The Home of Steven Barnes
Author, Teacher, Screenwriter

Thursday, March 30, 2006

Capote (2005) and flinch response

CAPOTE (2005)

Well, I got whacked again yesterday.  For the last couple of weeks, I’d been hearing about a new show on F/X called “Thief ,” which was getting terrific reviews.  Starring Andre Braugher,  it tells of a group of…wait for it…thieves, as they head toward a Really Big Job.  O.K., so I decide to Tivo and watch it.  Coming attractions showed him kissing a woman.

Hmmm.  His stepdaughter was shown as white.  Hmmm.  A reviewer commented that “as on 24, characters can die unexpectedly…”

I’m driving along with Tananarive on Sunday, when I turned to her and said: “They’re going to kill Andre Braugher’s wife.  I give her three episodes.”
“God,” she said.  “How can you be so cynical?”

Well, I watched the first episode, and his white wife had a fatal traffic accident.  I immediately turned the show off.  I’ll never be able to watch it again.  Instead, I turned to The Unit, and watched Dennis Haysbert’s intelligent, courageous, ethical, lovely, obese wife rally the home troops, while the fit, slinky white wives bowed before her wisdom.  Sexless spiritual guide anyone?  Ah well, you take what you can get.
I’m convinced that the core of this black male sexuality thing is the fear that, if black men are sexual, they will eventually be sexual with white women.  Well, that’s natural: white men certainly have always enjoyed black women.  The reason I think this is the secret obsession beneath the exclusion is that, whenever I discuss this issue, even if I’m just talking about black male sexuality in film, , someone in the audience (and I mean WHENEVER I discuss it) will invariably mention some movie or television show where a black man was sexual with a white woman.  “See,” he or she says (and the speaker can be white or black, by the way) “it happens…”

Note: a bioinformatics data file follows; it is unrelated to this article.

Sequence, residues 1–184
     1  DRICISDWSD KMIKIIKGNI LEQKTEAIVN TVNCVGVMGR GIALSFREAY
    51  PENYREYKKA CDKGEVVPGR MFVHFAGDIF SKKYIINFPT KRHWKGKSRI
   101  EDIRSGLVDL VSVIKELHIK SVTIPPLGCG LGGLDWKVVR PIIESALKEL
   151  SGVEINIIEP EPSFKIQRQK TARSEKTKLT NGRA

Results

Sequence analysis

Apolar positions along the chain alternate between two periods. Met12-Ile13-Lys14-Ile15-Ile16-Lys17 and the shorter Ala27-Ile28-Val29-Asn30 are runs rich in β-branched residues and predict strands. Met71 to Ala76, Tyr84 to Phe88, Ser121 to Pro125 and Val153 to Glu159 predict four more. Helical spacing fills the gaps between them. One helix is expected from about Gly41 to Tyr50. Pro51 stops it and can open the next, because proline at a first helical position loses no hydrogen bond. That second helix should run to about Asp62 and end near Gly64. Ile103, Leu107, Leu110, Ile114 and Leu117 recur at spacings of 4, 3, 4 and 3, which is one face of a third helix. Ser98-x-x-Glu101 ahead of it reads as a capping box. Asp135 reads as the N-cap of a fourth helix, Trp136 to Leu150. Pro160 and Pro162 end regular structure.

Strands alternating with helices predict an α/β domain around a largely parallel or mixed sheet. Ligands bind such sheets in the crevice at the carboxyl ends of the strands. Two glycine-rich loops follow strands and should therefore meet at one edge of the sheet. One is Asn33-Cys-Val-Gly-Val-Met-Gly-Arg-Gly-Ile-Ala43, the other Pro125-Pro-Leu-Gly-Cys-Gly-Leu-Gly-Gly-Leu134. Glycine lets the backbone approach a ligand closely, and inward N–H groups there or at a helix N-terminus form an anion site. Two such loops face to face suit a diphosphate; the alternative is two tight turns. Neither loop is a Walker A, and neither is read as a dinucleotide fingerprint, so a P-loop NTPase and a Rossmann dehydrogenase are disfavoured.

Then I point out to them that I never, ever said that I wanted to see interracial relationships (although that’s just fine.)  What I was saying is that you can’t see black men in ANY kind of sexual relationships without hurting the box office.  The American mind just naturally seems to leap to interracial.
Saw “Capote” over the last couple of days, and it’s terrific.  Phillip Seymour Hoffman’s performance as the tortured literary genius is wholly remarkable.  At its core, “Capote” is a tale of what happens when you sell your soul for worldly goods.

It is the story of the killers in Capote’s landmark “nonfiction novel” “In Cold Blood.”  Over the course of years, he befriends, seduces, cajoles, bribes and blackmails them into telling their story.  But, as the guy says, when you stare into the abyss, the abyss stares also into you.  He was never able to finish another novel, and died of alcoholism.  The movie is simply sensational.

And yet…that cobra in the back of my head rears up and hisses.  The second most important character in the film is the novelist Nell “Harper Lee,” the author of “To Kill A Mockingbird.”  I’d always heard this was a fantastic novel.  I’ll never read it.  Saw the movie when I was a kid, had been told it was a wonderful piece dealing with race relations in the South.  Yeah, wonderful if you’re white.  I remember watching it, and thinking for the first time, that for white people to feel ennobled, they have to watch a black man die and feel all weepy about it.

So the one black male character I could identify with dies.  Gregory Peck is ennobled.  Huzzah, huzzah.

Anyway, “Capote” is a sea of white faces.  There is one black man with a line of dialogue.  A Pullman Porter comes into the compartment Capote shares with Lee, and compliments him lavishly on his new book.  Lee immediately knows that he has been paid to say this.   I suppose the filmmakers MEANT that the praise was just too extremely lavish.  That’s one perspective.  The other is that a black man would read at all.  The truth is probably somewhere between the two.  I am perfectly aware that I am sometimes too sensitive on these issues, but an abused child will flinch at even a loving touch.

Better to be safe than sorry.

Anyway, “Capote” gets an “A,” especially if you’re a writer. 


Anonymous said...

Ever since I read this comment about 'To Kill A Mockingbird' I've watched media differently.

I went to see Memphis this week, which is about race relations and black music in the fifties. It was a lot of fun and very well done. Great performances. Great music. But I couldn't help sitting there thinking: 'Another race relation's story that is all about a white guy'.

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